I shared a sneak peek of the new cover design for ‘The Darkwood Mysteries’ and I have now revisited it and made some improvements… they are only minor, but made a difference. I have added shadows the Darkwood to better match her with Hobbs, and given her added some definition to make her arm and hand stand out, and added some decoration to her hat. I think I have the cover design I like…
New Look for ‘The Darkwood Mysteries’…
Finishing up on the last in my latest run of ‘The Darkwood Mysteries’, I have taken a break from writing to rethink the covers for the series. For anyone who has stuck around long enough, you will have seen the covers change four or five times. Starting from the ugly to the acceptable. I will admit, I was daunted at having to get another 11 covers done. While I can have my insecurities about writing, I know one thing with a certainty–I am not an artist. And, after doing 2 or 3 new ‘art’ elements for the covers I decided that my stories deserve better than what I can produce with pen and paper. So, for each individual story I have opted for photo elements, and I am dropping individual art elements for each story–only the number and title of the story will change. The collections will remain as the leather look with just a few tweaks as I do like that classic style.
I spent hours trawling shutterstock for images. People who tag these images have a very loose interpretation of Victorian. Regency isn’t Victorian. Images ranged from original period, to Gothic romance cover, to cyberpunk, to… well, ‘sexy’ Victorian… There has always been one image I have fancied as Darkwood, and ended up just going for that one in the end. What I have always liked about is that her hat hides much of her face, so the reader can keep her looking just how they think she looks. That set me the task of finding a male with a similar hat over face style. I ended up having to do a bit of cutting and pasting for Hobbs, and both had to be recoloured, but I was pleased with how they turned out. I wanted some kind of detailed background, and trawling images of Victorian London and fog, I ended up just lifting a smoky element I use in my banner. That was handy. So… here is what the standard cover will look like:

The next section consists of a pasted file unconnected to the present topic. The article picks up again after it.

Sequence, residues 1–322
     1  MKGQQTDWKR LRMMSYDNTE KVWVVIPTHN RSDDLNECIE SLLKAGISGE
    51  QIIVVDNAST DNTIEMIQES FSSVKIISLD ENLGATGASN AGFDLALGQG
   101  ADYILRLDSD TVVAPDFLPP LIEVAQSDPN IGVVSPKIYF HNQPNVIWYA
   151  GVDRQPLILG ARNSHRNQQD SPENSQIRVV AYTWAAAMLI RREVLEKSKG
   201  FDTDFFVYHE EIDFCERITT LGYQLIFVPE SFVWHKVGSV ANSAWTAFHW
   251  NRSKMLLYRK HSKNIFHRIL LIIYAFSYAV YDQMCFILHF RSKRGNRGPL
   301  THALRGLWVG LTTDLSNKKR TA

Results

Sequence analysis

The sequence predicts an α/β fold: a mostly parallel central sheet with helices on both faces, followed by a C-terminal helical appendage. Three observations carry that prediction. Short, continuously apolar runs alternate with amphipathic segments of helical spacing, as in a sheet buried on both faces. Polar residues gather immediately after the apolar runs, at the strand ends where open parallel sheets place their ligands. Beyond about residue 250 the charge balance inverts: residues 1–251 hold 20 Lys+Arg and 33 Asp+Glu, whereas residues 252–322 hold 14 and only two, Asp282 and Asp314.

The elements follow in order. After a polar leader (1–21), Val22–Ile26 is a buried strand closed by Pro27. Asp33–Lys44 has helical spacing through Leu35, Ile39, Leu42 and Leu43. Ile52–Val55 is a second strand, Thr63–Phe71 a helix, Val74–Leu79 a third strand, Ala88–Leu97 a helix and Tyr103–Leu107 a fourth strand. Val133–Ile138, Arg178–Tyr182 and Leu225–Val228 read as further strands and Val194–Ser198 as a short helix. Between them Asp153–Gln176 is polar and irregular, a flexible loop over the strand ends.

An Origin Story
With my current project, I’ve made it to the end of the next run of ‘The Darkwood Mysteries’. And it’s a short story, so shouldn’t take too long. The only difference this time is the importance of the story. One of the central mysteries of The Darkwood Mysteries is what Darkwood’s mother and father did with the guide-stone they left her as inheritance, and this story will explore the beginning of the Darkwood relationship with the stone. Peeling back the curtain on a central mystery is daunting. An info dump is not satisfying, but with my trying to keep each story in the series as standalone as possible and through their not really being in chronological order it’s equally difficult to sprinkle in clues and red-herrings which build to a climactic reveal. So, I have set upon having one or two stories per run deconstructing the central mystery.